Artists & Scholars

Spring 2020

Art

Music major and baritone Thomas Meglioranza ’92 has made a new recording of Franz Schubert's song cycle, Die schöne Müllerin. He’s joined by his longtime collaborator, pianist Reiko Uchida, who on this recording plays a Viennese fortepiano built in 1829 by Anton Zierer.

Ella Williams ’18, aka Squirrel Flower, released her debut album, I Was Born Swimming, in January. It includes country and rock songs and covers moments of her life from birth through her time at Grinnell. It’s available in multiple formats from Polyvinyl Record Co.

Books

When critics and scholars write about films from the blaxploitation movement — such as Cotton Comes to Harlem, Shaft, Superfly, and Cleopatra Jones — they emphasize their importance as films made for black audiences. Consequently, Lisa Alexander ’97 points out, a film like the highly popular, Oscar-nominated Blazing Saddles — co-starring and co-written by Richard Pryor — is generally left out of the discussion because it doesn’t fit the profile of what a black film of the period should be. This is the kind of categorical thinking that Alexander seeks to broaden in Expanding the Black Film Canon: Race and Genre Across Six Decades (University Press of Kansas, 2019).

Rebecca Warne Peters ’00 argues in Implementing Inequality: The Invisible Labor of International Development (Rutgers University Press, 2020) that if international development is to meet its larger purpose, it must first address its internal inequalities of work and professional class. Through an ethnographic study in postwar Angola, she introduces the innovative concept of the “development implementariat”: those in-country workers, largely but not exclusively local staff members, charged with carrying out development’s policy prescriptions. The implementariat is central to the development endeavor but remains overlooked and under-supported.

One hundred years before Freud’s striking psychoanalytic case histories, the narrative psychological case history emerged in the second half of the 18th century in Germany as an epistemic genre that cut across the disciplines of medicine, philosophy, law, psychology, anthropology, and literature. The presentation and analysis of several significant psychological case histories, their theory and practice, as well as the controversies surrounding their utility, validity, and function for an envisioned “science of the soul,” constitutes the core of Making the Case: Narrative Psychological Case Histories and the Invention of Individuality in Germany, 1750–1800 (de Gruyter, 2019)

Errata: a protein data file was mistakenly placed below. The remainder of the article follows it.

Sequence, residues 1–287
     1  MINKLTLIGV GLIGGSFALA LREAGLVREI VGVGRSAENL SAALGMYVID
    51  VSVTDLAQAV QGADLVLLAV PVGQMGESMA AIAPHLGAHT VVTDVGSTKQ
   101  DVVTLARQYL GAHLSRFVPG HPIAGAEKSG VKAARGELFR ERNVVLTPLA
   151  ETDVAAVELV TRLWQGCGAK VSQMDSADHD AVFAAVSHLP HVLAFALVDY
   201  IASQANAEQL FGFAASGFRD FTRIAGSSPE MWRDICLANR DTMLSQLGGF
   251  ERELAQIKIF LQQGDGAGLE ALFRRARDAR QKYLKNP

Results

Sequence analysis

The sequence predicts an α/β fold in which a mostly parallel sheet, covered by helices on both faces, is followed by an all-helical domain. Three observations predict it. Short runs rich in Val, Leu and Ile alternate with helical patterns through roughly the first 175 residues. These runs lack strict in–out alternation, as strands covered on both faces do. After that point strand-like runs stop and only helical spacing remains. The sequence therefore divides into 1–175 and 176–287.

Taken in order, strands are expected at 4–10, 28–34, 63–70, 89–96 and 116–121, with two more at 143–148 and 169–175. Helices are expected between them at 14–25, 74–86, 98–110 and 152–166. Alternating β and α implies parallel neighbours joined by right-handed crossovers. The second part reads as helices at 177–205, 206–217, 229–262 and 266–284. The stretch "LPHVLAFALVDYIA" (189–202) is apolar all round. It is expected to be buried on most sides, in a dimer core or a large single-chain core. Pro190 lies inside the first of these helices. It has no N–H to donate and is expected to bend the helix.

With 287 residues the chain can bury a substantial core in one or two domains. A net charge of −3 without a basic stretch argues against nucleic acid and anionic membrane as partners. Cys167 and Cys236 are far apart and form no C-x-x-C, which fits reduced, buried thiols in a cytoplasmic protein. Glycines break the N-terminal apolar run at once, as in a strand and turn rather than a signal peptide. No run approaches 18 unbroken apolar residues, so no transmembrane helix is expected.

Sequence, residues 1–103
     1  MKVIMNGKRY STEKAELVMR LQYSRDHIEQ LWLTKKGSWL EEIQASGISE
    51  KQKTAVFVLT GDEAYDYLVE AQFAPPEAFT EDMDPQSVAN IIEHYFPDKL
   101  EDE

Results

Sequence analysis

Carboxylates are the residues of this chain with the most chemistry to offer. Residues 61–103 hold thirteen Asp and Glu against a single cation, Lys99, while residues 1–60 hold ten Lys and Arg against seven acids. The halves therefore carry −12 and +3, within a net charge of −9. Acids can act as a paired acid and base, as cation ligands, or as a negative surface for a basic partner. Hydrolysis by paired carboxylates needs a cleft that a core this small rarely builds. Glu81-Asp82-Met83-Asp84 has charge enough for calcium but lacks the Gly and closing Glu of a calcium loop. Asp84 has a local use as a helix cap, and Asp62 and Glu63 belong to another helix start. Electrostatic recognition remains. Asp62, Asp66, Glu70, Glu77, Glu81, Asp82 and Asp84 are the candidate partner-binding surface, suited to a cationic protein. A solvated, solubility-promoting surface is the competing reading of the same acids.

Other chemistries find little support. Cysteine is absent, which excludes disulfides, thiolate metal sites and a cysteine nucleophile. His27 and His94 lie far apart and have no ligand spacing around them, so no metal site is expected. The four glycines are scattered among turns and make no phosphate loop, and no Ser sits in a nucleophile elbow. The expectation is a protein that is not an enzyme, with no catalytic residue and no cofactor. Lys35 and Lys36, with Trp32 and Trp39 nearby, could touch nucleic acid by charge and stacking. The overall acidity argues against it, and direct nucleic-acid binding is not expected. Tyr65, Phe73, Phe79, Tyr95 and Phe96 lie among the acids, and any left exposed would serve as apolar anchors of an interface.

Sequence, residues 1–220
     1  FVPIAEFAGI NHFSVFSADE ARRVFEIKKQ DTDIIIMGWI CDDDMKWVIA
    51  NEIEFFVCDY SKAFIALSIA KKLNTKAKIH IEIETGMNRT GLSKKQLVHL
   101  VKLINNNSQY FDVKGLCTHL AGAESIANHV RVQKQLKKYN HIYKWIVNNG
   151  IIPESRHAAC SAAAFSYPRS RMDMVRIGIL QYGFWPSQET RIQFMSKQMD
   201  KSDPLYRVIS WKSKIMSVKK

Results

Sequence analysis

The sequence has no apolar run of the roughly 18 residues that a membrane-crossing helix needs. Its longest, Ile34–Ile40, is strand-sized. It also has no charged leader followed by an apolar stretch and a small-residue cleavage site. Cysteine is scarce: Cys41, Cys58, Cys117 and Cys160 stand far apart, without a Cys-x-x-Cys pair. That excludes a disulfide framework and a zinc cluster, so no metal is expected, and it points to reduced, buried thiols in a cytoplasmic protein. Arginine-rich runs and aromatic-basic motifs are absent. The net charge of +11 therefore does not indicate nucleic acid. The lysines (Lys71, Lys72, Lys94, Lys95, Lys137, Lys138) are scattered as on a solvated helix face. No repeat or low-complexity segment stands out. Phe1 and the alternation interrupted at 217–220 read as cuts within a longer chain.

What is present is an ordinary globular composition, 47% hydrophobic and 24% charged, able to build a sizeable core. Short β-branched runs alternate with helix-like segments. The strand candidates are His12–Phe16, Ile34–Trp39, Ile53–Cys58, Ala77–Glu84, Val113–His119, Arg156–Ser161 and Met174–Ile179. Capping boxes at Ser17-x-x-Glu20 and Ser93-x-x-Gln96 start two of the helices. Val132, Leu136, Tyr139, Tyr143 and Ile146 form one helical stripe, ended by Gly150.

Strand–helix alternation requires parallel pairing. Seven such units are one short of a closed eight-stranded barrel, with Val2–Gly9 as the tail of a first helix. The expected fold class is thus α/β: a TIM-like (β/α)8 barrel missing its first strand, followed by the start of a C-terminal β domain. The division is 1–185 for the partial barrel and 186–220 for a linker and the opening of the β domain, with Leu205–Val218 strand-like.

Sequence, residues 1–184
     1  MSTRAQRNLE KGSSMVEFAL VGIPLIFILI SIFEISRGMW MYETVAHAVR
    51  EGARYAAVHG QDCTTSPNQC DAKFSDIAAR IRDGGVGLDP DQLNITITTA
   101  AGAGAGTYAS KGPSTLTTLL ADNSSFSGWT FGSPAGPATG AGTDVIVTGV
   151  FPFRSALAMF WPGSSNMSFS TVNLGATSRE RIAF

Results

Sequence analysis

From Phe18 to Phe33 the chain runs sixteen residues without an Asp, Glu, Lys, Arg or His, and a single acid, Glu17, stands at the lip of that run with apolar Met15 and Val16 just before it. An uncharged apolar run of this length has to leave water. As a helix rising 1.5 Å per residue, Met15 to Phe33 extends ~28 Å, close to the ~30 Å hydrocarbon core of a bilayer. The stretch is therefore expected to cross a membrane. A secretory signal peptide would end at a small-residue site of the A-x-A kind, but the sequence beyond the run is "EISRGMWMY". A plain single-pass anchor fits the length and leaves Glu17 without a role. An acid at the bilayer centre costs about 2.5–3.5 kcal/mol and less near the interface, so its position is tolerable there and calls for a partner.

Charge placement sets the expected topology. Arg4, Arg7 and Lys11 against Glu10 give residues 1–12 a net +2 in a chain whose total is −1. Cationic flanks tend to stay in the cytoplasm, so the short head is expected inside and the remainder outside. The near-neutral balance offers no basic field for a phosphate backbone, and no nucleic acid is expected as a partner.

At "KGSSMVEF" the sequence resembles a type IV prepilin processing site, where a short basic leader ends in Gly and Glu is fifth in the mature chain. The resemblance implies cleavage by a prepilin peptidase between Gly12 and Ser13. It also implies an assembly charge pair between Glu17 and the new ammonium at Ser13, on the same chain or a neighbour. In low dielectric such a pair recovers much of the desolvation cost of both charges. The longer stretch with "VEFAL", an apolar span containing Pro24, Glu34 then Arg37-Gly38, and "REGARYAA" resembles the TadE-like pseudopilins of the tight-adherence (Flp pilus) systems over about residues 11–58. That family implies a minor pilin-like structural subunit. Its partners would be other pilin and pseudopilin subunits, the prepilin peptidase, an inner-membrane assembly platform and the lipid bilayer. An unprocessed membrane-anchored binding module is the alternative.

by Rob Leventhal ’75.

In Memoirs of How It All Began (Cascade Books, 2019) Mark Whitters ’77 reimagines the life of Jesus, using a pedagogy that is increasingly used for postmillennials called “reacting.” Luke steps out of the text to communicate directly with his companion Theophilus — and with the reader — as if everyone is meeting Jesus for the first time.

Merle Fischlowitz ’53 shares his memories of technology and the changes he has witnessed throughout his life. He says, “One thing that moved me to write the book was when my 4-year-old granddaughter showed me she knew how to use her mother’s passcode to open her iPhone. I have dedicated the book to my eight grandchildren and great-grandchildren who were born in this century.”

In Seeing Like a Citizen: Decolonization, Development, and the Making of Kenya, 1945–1980 (Ohio University Press, 2019), Kara Moskowitz ’06 approaches Kenya’s late colonial and early post-colonial eras as a single period of political, economic, and social transition. In focusing on rural Kenyans — the vast majority of the populace and the main targets of development interventions — as they actively sought access to aid, she offers new insights into the texture of political life in decolonizing Kenya and the early post-colonial world.

In his new book (St. Johann Press, 2019), Jeff Frantz ’66 emphasizes “reading the Bible in light of its historical context and mostly as metaphorical narrative, freeing God from the bonds of supernatural theism and viewing Jesus not as divine but as fully human.”

Mistaking an ad to join the Loneliest Band in France for one to sell his blood, the novella’s narrator finds himself instead under the sway of the band, drinking heavily and being recruited to play a battle-of-the-bands-esque concert (that night) at the local Café Bovary. Not only is there prize money attached to the concert, the bandmates also see this as an opportunity to debut a new song — one, they claim, that can hurt — even kill — its listeners. The Loneliest Band in France (Texas Review Press, 2020) won the 2019 Clay Reynolds Novella Prize and is the first book by Dylan Fisher ’14.